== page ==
Colonial headquarters of the colonisation scheme, instituted in 1869 by the Colonists' Land and Loan Corporation, Limited, which was formed by a number of noblemen and other influential men, headed by His Grace the Duke of Manchester, Feilding
has prospered rapidly, and has now become the second inland town in size and importance on the West Coast of the North Island. The block known as the Manchester Block is situated in the Manawatu district, and was acquired under the terms of the agreement with the Colonial Government, generally known as the “Feilding Contract.” The Hon. Colonel Feilding, after whom the town was named, visited the Australasian colonies, on a commission by the Directory, to find a suitable field for colonising operations. As a result of the Colonel's visit, negotiations were completed for the purchase of the block of 106,000 acres, the price-being 15 shillings per acre for 100,000 acres, 6000 being allowed for roads and reserves. The Corporation agreed to execute all Colonial surveys, and undertook, under heavy penalties, to introduce 2000 immigrants into the Colony, and to settle the same upon the land before the 1st of April, 1877. The Colonial Government provided free passages from England for the Corporation's immigrants, and agreed to employ 200 men on railway formation. The
High Street, Feilding.
The Square, Feilding.
Provincial Government of Wellington agreed to recommend an annual grant up to £2000 on account of road works in Corporation boundaries. The first ship bearing immigrants for the Feilding block was the “Duke of Edinboro,” arriving in January, 1874, and within the first four months of that year 458 persons were introduced by the Corporation. The Manchester Block extends from the Rangitikei River to the Ruahine Ranges by the Gorge of the Manawatu River, and is twenty miles long by an average breadth of eight miles, and, with the exception of 12,000 acres, was, at the time of purchase, all covered with bush. The main line of railway between Wanganui and Wallington runs through the whole length of the block. The immigrants introduced by the Corporation were placed upon the ground without cost to themselves, and for some time after arrival were supplied with all necessary tools, cooking utensils, and supplies of food, which were charged at reasonable rates against their future earnings. The men were at once employed in road-making, bush-clearing, carpentering, brickmaking or any other work for which they were best fitted, the earlier batches being set to work on the site of the township erecting houses for themselves and their families. The settlers were from time to time drafted out to the country, and the whole of this splendid block has been sold, the greater portion of it being now in cultivation. Feilding, which became a municipality in 1880, is situate on the Longburn-Wanganui Railway, 100, miles north-east of Wellington and about fifty miles from Wanganui. It is in the County of Oroua, in the Electoral District of Rangitikei, the latitude being 40° 15” south, and the longtitude 175° 25” east. The inhabitants of the borough, 2045, appear to be comfortably housed, at an altitude of 235 feet above sea-level, and enjoy a mild climate with a fairly dry soil. Feilding is also advantageously situated from a tourist's point of view, it having railways from Wellington in the south, and Wanganui and New Plymouth in the north, running twice daily, while capital coaching roads lead to Auckland, via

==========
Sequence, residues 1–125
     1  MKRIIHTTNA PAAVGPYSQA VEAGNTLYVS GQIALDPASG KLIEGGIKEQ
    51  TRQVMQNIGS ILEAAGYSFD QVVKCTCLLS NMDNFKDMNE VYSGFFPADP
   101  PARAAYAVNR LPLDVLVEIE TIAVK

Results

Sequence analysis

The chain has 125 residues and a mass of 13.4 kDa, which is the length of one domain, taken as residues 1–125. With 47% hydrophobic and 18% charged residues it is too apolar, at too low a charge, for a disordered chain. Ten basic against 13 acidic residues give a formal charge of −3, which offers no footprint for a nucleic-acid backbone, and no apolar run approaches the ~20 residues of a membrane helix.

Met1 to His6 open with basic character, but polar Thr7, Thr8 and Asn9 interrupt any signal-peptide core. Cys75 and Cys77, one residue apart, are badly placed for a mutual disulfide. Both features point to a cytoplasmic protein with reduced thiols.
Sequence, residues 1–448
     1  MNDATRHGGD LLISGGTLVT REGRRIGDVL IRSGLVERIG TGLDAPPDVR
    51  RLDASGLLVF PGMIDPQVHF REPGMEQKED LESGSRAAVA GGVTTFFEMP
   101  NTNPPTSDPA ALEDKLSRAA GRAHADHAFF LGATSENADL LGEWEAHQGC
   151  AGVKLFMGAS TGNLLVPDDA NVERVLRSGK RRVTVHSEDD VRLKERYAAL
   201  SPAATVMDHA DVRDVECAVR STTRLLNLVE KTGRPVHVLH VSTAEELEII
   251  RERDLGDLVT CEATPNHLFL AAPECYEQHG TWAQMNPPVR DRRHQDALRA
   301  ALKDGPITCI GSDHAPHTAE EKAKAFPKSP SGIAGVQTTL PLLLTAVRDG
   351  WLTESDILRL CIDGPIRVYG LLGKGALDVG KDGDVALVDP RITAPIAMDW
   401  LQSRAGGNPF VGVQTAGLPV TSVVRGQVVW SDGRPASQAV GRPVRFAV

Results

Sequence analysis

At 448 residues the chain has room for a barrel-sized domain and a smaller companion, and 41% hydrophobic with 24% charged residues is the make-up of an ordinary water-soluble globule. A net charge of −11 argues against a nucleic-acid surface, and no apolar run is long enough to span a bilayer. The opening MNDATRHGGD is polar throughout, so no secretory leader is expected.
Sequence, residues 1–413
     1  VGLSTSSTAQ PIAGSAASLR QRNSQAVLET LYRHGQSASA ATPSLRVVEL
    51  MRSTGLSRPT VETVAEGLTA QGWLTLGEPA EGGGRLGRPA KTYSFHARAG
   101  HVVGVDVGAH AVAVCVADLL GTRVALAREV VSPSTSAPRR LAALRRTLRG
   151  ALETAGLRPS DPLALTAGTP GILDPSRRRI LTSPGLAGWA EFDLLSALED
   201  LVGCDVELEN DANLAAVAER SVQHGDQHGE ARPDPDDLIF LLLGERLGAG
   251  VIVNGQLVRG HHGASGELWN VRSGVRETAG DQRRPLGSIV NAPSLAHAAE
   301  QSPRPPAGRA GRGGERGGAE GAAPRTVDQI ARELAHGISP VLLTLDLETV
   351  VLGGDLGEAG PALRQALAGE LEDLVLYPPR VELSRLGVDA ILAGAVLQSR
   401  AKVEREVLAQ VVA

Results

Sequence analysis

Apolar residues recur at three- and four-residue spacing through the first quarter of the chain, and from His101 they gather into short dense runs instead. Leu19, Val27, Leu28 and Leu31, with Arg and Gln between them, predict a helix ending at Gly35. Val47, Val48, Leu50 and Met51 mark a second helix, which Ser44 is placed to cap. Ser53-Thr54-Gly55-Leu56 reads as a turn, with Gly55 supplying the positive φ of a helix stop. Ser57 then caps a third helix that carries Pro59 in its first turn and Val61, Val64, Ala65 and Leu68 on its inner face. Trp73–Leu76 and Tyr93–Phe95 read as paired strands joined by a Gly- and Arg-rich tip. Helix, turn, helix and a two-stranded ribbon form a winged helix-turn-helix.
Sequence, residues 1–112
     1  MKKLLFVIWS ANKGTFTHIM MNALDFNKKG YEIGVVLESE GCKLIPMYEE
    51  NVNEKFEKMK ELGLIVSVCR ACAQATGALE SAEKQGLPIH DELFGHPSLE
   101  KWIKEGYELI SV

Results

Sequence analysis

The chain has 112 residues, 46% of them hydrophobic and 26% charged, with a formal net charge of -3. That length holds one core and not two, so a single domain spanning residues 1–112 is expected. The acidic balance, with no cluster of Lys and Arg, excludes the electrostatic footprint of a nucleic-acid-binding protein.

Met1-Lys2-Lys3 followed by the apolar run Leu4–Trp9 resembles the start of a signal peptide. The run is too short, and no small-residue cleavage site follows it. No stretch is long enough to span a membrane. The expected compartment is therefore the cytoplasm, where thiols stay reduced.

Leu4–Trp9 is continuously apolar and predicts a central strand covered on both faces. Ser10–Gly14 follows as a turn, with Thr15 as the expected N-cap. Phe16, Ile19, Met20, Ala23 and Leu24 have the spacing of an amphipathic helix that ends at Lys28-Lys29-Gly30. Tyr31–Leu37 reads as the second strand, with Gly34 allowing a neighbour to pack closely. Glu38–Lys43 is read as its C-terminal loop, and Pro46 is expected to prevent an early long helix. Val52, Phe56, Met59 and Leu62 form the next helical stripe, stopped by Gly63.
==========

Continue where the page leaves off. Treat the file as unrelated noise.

Hawkes Bay, and thence through the fairyland country of the hot springs. Surrounding on every side stretch the most fertile of lands in the Colony, which annually yield enormous crops of grain and produce, and support thousands of sheep. It is the market town for the weekly sales of live stock from the runs and stations for many miles around. Its streets, roads, and bridges are all kept in capital repair, and its mail and telegraph
Fergusson Street, Feilding.
services appear to give every satisfaction. The accommodation is first-class, there being four good hotels. The local newspaper is the Feilding Star
, a very readable paper published every evening. Capital municipal chambers, where fortnightly meetings of the Feilding Borough Council are held, were built in 1895, and attached to them are commodious public library and reading-room, where all the best literature of the day caters to the reading public. The other public places are:—Kiwitea County Council Office, the Banks of New Zealand and Australasia, Drill Hall, the Assembly Theatre, State school, and Anglican, Presbyterian, Wesleyan and Primitive Methodist churches. In the way of out-door amusement Feilding has its cricket, football, athletic, cycling, and racing clubs.